The visual quality of pictures is mainly the result of their resolution. Resolution is measured in dots per inch (dpi) or pixels per inch (ppi). They’re basically the same thing, though the latter strictly only applies to images use in a digital format.
A Graphic Designer in this day and age may find themselves designing for a wide range of media, from web pages through to adverts for newspapers and magazines. Each of these have very different technical requirements. Printing an image from a web page in a magazine can result in a poorly rendered picture, while using an image that has been saved for a magazine on a web page could leave users waiting for long periods while the image downloads.
Pictures on the Web
Web pages are displayed on monitors that have a resolution of 72dpi. Despite this relatively low resolution, images appear well defined when viewed on screen. If a viewer studies an image more closely, however, the dots are quite obvious and it becomes even more obvious when a 72dpi image is printed out. On paper, images from a web page seem very poorly defined. These images are often referred to as ‘Low-res’.
Images for Print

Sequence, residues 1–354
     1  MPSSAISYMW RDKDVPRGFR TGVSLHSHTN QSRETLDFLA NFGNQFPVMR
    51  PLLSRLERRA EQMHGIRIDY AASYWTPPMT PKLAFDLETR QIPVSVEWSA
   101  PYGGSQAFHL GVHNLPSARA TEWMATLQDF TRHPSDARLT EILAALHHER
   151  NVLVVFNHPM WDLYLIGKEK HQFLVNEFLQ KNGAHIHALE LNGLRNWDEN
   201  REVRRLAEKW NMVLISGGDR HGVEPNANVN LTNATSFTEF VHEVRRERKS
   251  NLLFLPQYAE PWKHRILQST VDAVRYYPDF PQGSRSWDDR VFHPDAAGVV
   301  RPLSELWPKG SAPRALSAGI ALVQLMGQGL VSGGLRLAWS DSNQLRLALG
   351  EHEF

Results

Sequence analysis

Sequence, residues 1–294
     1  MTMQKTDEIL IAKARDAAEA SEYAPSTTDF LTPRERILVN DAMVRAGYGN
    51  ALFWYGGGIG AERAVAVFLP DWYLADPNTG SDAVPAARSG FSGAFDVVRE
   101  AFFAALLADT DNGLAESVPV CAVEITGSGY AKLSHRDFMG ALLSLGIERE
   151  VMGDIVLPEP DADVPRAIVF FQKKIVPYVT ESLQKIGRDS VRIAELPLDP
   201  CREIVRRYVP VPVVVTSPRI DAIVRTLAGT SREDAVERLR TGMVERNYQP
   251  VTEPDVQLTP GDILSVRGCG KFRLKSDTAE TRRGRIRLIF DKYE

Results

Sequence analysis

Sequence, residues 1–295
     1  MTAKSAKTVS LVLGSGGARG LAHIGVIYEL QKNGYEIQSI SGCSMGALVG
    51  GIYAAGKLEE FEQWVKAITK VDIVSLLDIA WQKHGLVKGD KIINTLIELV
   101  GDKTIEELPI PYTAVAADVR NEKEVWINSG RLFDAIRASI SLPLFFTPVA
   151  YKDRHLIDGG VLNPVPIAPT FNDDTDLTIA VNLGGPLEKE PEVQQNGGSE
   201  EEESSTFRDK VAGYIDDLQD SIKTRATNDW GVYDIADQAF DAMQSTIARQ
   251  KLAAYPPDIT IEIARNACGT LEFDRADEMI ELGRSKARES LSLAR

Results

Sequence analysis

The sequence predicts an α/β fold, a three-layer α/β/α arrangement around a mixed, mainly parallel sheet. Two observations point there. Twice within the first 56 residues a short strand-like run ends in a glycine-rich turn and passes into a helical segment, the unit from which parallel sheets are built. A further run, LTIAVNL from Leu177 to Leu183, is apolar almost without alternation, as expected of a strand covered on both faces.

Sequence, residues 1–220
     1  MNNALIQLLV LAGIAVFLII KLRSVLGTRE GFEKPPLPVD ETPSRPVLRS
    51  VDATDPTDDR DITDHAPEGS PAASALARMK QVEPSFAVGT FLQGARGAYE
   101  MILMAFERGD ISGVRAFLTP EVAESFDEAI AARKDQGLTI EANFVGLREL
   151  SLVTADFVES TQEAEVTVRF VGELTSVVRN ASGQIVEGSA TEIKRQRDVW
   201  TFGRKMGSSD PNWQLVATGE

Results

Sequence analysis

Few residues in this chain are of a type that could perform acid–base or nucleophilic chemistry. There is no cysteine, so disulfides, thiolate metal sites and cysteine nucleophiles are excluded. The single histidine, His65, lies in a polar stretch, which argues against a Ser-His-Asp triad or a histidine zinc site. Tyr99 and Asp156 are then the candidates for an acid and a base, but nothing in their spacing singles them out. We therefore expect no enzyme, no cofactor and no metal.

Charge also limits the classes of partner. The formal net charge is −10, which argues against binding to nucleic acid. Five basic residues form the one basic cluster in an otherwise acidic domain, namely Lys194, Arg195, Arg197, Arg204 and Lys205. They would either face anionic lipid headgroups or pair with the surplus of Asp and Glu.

There are many different types of printed materials and the necessary resolution of images varies quite widely between them.
One simple rule to remember is that an image intended for use in a print job should never be less than 150dpi, more than twice the resolution of images used on the web.
Print outs from most desktop printers will not show any benefit from images of more than 150dpi, though these will generally only be used for proofing to clients. Images intended for reproduction in newspapers will usually be saved at a resolution of 150dpi to 175dpi. Newspapers are produced to tight deadlines and lower resolutions make for smaller file sizes, which can make the output of printing plates quicker.
Magazines are generally printed on better quality paper and the quality of images is usually significantly better than in newspapers. Generally, image resolutions for magazines range from 200dpi to 300dpi, though as magazines aren’t usually produced to such demanding deadlines, it is advisable to save at 300dpi, despite the larger file size
Ask for Technical Specifications
The points above are a good guide to suitable resolutions for different media, but the best advice is always to ask for a publisher’s technical specifications and then save images in line with their advice.
Graphic Designers should remember that it may be possible to change an image’s resolution to suit requirements, as long as the number of pixels isn’t increased. If a publisher requests an image of 3 inches width at 150dpi, a 72dpi image measuring 7 inches wide could be converted without any loss of quality.
Thia is because the publisher requires an image that is 450 pixels wide (3 x 150 = 450 pixels) and the Low-res image is 504 pixels wide (7 x 72dpi = 504). If that image is converted to 150dpi, it will measure a little over 3 ¼ inches, which is still more than the publisher requires.